Dopamine neurons in the ventral tegmental area (VTA) are strongly implicated in cognitive and affective processing as well as in psychiatric disorders including schizophrenia, ADHD and substance abuse disorders. In human studies, dopamine-related functions are routinely assessed using functional magnetic resonance imaging (fMRI) measures of blood oxygenation-level dependent (BOLD) signals during the performance of dopamine-dependent tasks. There is, however, a critical void in our knowledge about if and how activation of VTA dopamine neurons specifically influences regional or global fMRI signals. Here we used optogenetics in Th::Cre rats to selectively stimulate VTA dopamine neurons while simultaneously measuring global hemodynamic changes using BOLD and cerebral blood volume-weighted (CBVw) fMRI. Phasic activation of VTA dopamine neurons increased BOLD and CBVw fMRI signals in VTA-innervated limbic regions, including the ventral striatum (nucleus accumbens). Surprisingly, basal ganglia regions that receive sparse or no VTA dopaminergic innervation, including the dorsal striatum and the globus pallidus, were also activated. In fact, the most prominent fMRI signal increase in the forebrain was observed in the dorsal striatum that is not traditionally associated with VTA dopamine neurotransmission. These data establish causation between phasic activation of VTA dopamine neurons and global fMRI signals. They further suggest that mesolimbic and non-limbic basal ganglia dopamine circuits are functionally connected and, thus, provide a potential novel framework for understanding dopamine-dependent functions and interpreting data obtained from human fMRI studies. PMID:27457809

  18. Unexpected global impact of VTA dopamine neuron activation as measured by opto-fMRI.

    Science.gov (United States)

    Lohani, S; Poplawsky, A J; Kim, S-G; Moghaddam, B

    2017-04-01

    Dopamine neurons in the ventral tegmental area (VTA) are strongly implicated in cognitive and affective processing as well as in psychiatric disorders, including schizophrenia, depression, attention-deficit hyperactivity disorder and substance abuse disorders. In human studies, dopamine-related functions are routinely assessed using functional magnetic resonance imaging (fMRI) measures of blood oxygenation-level-dependent (BOLD) signals during the performance of dopamine-dependent tasks. There is, however, a critical void in our knowledge about whether and how activation of VTA dopamine neurons specifically influences regional or global fMRI signals. Here, we used optogenetics in Th::Cre rats to selectively stimulate VTA dopamine neurons while simultaneously measuring global hemodynamic changes using BOLD and cerebral blood volume-weighted (CBVw) fMRI. Phasic activation of VTA dopamine neurons increased BOLD and CBVw fMRI signals in VTA-innervated limbic regions, including the ventral striatum (nucleus accumbens). Surprisingly, basal ganglia regions that receive sparse or no VTA dopaminergic innervation, including the dorsal striatum and the globus pallidus, were also activated. In fact, the most prominent fMRI signal increase in the forebrain was observed in the dorsal striatum that is not traditionally associated with VTA dopamine neurotransmission. These data establish causation between phasic activation of VTA dopamine neurons and global fMRI signals. They further suggest that mesolimbic and non-limbic basal ganglia dopamine circuits are functionally connected and thus provide a potential novel framework for understanding dopamine-dependent functions and interpreting data obtained from human fMRI studies.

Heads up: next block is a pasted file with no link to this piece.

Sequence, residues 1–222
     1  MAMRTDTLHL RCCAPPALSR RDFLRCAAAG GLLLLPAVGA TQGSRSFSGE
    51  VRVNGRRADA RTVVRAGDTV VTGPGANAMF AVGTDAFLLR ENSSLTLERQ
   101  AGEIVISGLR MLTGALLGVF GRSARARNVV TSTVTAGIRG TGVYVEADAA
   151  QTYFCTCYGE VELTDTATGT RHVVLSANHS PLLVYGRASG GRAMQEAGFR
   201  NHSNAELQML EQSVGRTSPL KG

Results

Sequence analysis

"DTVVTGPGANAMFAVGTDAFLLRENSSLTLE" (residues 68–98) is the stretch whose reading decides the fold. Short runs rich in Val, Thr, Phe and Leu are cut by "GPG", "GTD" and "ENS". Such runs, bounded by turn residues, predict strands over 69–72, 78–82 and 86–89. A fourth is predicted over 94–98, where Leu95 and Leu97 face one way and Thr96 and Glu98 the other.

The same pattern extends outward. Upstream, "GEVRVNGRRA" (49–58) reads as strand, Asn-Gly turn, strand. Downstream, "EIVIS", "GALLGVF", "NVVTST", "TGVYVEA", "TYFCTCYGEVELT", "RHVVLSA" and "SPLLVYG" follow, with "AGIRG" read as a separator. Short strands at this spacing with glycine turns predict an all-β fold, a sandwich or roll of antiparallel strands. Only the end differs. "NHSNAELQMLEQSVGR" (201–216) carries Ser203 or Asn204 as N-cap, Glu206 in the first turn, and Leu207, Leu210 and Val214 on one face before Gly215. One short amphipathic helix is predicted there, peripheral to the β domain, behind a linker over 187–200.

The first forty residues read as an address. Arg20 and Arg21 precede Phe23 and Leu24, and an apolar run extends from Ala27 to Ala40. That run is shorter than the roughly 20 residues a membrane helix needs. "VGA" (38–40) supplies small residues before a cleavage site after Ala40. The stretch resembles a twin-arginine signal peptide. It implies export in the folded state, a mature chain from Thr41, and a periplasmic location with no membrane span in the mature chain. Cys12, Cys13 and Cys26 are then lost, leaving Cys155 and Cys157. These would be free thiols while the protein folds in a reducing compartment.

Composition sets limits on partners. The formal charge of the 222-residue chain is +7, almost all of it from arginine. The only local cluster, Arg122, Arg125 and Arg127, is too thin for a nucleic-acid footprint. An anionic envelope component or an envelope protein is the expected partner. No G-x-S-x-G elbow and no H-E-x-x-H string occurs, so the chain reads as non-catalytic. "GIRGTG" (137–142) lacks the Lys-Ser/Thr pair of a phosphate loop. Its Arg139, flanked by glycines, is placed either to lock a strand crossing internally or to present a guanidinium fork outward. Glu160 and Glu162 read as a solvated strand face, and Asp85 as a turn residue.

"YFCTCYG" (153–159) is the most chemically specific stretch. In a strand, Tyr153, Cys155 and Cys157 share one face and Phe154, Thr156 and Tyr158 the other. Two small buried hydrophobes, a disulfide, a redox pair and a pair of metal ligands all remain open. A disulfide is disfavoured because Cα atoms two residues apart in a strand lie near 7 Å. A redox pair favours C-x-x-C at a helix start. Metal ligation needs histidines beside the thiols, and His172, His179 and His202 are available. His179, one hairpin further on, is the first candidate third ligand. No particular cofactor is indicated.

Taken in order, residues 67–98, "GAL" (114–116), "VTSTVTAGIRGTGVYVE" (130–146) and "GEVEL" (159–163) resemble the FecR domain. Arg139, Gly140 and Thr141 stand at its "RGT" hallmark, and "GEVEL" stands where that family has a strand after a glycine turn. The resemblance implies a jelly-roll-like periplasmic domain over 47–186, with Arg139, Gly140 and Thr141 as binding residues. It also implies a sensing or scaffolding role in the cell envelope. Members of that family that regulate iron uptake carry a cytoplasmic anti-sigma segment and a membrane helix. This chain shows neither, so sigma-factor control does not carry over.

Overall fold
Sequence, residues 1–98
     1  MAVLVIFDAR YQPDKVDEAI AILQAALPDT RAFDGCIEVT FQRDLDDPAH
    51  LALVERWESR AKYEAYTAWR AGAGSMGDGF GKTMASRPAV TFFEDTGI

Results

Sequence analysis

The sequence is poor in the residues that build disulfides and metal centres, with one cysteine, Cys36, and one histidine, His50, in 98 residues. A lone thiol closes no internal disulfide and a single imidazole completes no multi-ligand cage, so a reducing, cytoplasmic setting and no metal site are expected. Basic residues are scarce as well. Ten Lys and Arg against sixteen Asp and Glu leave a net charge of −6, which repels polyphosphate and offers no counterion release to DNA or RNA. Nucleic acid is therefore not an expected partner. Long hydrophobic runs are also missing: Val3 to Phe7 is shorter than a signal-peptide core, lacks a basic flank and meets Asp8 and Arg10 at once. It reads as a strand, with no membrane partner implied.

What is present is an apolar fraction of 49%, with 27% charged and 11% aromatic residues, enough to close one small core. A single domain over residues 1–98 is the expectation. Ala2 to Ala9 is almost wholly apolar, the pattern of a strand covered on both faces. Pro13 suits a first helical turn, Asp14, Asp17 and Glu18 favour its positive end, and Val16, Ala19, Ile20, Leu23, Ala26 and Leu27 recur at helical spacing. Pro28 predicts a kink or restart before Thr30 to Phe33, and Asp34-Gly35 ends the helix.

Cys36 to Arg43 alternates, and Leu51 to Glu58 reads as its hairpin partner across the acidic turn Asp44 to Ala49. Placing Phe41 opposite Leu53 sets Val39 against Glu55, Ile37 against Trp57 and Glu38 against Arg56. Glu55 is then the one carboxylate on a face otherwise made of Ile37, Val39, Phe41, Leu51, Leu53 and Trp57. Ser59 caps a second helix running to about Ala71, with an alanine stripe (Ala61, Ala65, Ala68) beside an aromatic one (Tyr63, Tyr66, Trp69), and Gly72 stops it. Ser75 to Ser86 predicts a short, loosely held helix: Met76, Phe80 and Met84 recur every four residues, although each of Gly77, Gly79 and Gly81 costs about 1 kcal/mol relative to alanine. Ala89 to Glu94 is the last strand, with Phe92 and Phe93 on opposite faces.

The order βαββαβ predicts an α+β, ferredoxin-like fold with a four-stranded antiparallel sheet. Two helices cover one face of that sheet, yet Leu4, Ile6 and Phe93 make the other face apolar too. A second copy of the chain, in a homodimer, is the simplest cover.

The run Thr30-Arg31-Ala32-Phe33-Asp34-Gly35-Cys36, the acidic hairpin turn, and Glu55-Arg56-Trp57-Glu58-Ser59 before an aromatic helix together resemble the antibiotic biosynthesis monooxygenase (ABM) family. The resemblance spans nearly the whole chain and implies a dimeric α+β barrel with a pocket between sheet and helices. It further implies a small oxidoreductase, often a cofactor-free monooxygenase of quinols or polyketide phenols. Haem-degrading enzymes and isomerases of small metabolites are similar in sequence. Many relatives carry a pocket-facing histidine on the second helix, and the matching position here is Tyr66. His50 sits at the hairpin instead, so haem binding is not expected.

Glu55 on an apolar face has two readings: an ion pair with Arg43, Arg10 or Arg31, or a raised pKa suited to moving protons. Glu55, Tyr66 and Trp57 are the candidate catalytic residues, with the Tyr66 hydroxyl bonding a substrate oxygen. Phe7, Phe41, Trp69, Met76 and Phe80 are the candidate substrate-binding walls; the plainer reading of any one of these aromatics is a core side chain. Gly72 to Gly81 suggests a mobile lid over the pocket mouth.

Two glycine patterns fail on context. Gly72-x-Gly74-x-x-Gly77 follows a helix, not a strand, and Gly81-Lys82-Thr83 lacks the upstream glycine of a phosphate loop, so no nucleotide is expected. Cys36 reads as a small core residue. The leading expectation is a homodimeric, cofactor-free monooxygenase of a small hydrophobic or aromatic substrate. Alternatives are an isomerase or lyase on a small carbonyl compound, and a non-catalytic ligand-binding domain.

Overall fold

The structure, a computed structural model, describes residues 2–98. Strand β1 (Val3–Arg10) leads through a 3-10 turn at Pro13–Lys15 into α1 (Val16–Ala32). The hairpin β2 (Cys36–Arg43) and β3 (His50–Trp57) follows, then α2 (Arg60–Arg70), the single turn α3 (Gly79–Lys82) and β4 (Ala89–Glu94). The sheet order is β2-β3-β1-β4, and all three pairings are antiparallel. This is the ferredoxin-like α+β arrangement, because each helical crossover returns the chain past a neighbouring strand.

19. Detection of phasic dopamine by D1 and D2 striatal medium spiny neurons.

    Science.gov (United States)

    Yapo, Cedric; Nair, Anu G; Clement, Lorna; Castro, Liliana R; Hellgren Kotaleski, Jeanette; Vincent, Pierre

    2017-08-07

    Brief dopamine events are critical actors of reward-mediated learning in the striatum; the intracellular cAMP-protein kinase A (PKA) response of striatal medium spiny neurons to such events was studied dynamically using a combination of biosensor imaging in mouse brain slices and in silico simulations. Both D1 and D2 medium spiny neurons can sense brief dopamine transients in the sub-micromolar range. While dopamine transients profoundly change cAMP levels in both types of medium spiny neurons, the PKA-dependent phosphorylation level remains unaffected in D2 neurons. At the level of PKA-dependent phosphorylation, D2 unresponsiveness depends on protein phosphatase-1 (PP1) inhibition by DARPP-32. Simulations suggest that D2 medium spiny neurons could detect transient dips in dopamine level. The phasic release of dopamine in the striatum determines various aspects of reward and action selection, but the dynamics of the dopamine effect on intracellular signalling remains poorly understood. We used genetically encoded FRET biosensors in striatal brain slices to quantify the effect of transient dopamine on cAMP or PKA-dependent phosphorylation levels, and computational modelling to further explore the dynamics of this signalling pathway. Medium-sized spiny neurons (MSNs), which express either D1 or D2 dopamine receptors, responded to dopamine by an increase or a decrease in cAMP, respectively. Transient dopamine showed similar sub-micromolar efficacies on cAMP in both D1 and D2 MSNs, thus challenging the commonly accepted notion that dopamine efficacy is much higher on D2 than on D1 receptors. However, in D2 MSNs, the large decrease in cAMP level triggered by transient dopamine did not translate to a decrease in PKA-dependent phosphorylation level, owing to the efficient inhibition of protein phosphatase 1 by DARPP-32. Simulations further suggested that D2 MSNs can also operate in a 'tone-sensing' mode, allowing them to detect transient dips in basal dopamine. Overall